Slavic Wines

Free tasting | Friday, February 2, 2018 | 5-7PM


Finding wine from countries that you don’t normally associate with wine is a tough job (not really), but someone’s gotta do it. We have a handful of wines from present-day Slavic nations, including Czech and Slovakian wine from the West, and Croatian, Bulgarian, and Macedonian wine from the South. Get adventurous and taste Slavic wines with us – we guarantee you’ve never had any of them before!   
 
2016 Strekov Rozália – South Slovakia, $34
This Rozália pét-nat is from St. Laurent grapes, which are hand harvested by winemaker Zsolt Sütó and his team in the village of Strekov. Zsolt’s fermentations take place in open topped barrels with no sulfur and no intervention. At first sip of this gently fizzy wine, you experience notes of peaches, apricots and rhubarb jam. It finishes mostly dry with a touch of residual sugar making it a hit at any stage of your night - before dinner, during, or after. It’s absolutely scrumptious!
 
2014 Benvenuti Malvasia – Istria, Croatia, $17
The Croatian Benvenuti (“welcome”) winery is situated in the quiet Istrian village of Kaldir where they grow three grape varietals – Malvasia Istriana, Muscat, and Teran. Malvasia Istriana is now recognized as the leading Istrian grape variety and one of the most important indigenous Croatian varieties. The terraced vineyards are situated on white soil where the grapes are grown between 250 and 400 meters high. This Malvasia is harmonious and full-bodied. It is exceptionally fresh and mineral-driven, tropical-fruity and very drinkable.
 
2015 Vino z Czech, St. Laurent – Moravia, Czech Republic, $19
Vino z Czech (“wine from Czech”) is a portfolio of specially selected collection of wines from the South Moravian region of the Czech Republic. With the assistance of some of the top sommeliers in the region, Vino z Czech’s selection of hand-crafted, estate-bottled wines are labeled using the artwork of a famous Czech artist, Alphonse Mucha, who was born in 1860 in South Moravia. Most of the wines in the Vino z Czech portfolio are from small wineries including this St. Laurent wine from Znovín Znojmo Winery. This winery is a converted Medieval monastery, which manages privately owned vineyards in Znojmo. Znojmo was recognized with a VOC designation (like AOC in France, or DOC in Italy) when the classification system was introduced to the Czech Republic in 2009. This St. Laurent sees no oak, and has notes of blackberries, slight clove, and fennel seed.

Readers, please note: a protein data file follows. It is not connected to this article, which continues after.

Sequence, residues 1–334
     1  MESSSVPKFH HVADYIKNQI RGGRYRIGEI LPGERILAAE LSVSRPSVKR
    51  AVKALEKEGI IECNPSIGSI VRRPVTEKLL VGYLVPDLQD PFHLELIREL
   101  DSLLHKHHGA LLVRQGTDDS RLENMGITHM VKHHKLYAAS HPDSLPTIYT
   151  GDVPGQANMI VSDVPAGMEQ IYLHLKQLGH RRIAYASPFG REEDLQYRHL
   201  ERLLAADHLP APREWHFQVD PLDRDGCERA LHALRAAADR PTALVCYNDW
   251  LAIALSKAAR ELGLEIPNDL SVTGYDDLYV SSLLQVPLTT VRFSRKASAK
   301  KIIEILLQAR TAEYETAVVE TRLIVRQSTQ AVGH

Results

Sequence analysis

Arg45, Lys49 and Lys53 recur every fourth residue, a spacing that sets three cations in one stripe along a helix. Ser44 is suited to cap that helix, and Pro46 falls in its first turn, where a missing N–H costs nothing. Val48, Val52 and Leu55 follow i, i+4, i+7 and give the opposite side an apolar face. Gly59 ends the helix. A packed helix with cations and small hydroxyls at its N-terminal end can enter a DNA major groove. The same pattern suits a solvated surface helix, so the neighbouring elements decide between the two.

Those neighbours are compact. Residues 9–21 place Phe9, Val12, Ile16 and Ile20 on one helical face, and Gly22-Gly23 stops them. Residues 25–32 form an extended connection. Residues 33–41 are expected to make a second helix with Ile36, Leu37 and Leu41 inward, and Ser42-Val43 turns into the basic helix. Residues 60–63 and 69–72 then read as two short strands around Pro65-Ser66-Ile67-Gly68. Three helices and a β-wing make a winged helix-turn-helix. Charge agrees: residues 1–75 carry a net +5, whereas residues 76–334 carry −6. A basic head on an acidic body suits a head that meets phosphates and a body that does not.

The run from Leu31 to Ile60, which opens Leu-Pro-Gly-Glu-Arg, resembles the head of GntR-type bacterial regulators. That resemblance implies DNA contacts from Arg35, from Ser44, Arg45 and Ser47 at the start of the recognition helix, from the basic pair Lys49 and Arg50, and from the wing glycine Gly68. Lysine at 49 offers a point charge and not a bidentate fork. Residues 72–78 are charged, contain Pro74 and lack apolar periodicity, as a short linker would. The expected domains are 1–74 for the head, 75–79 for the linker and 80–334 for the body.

2012 Tikves Barovo – Vardar River Valley, Republic of Macedonia, $23
In the Republic of Macedonia, surrounded by mountainous terrain, the Tikves Winery has been creating wine since 1885. They only use grapes native to Macedonia, like Kratosija and Vranec, in this red blend. The grapes were grown in an abandoned village called Barovo, and the juice was then aged in a combination of concrete (30% for 15 months) and French oak barrels (70% for a year) before being deemed wild enough to bottle. Tikves Winery aims to convey the natural, wild rugged beauty of Macedonia in their wines, and with rich cedar, plum, and meaty notes, they certainly deliver!
 
2015 Minkov Brothers Cabernet Sauvignon – Thracian Valley, Bulgaria, $20
Karnobat has long been the site of some of the most exciting wines from Bulgaria; this winery is named after the famous Minkov Brothers, a trio of brothers who won an award at an international wine fair in the late 19th century. Now, on the same land, the Minkov Brothers are creating unique and daring wines. Their Cabernet Sauvignon is aged in barrique and has notes of wild raspberries, vanilla, and chocolate.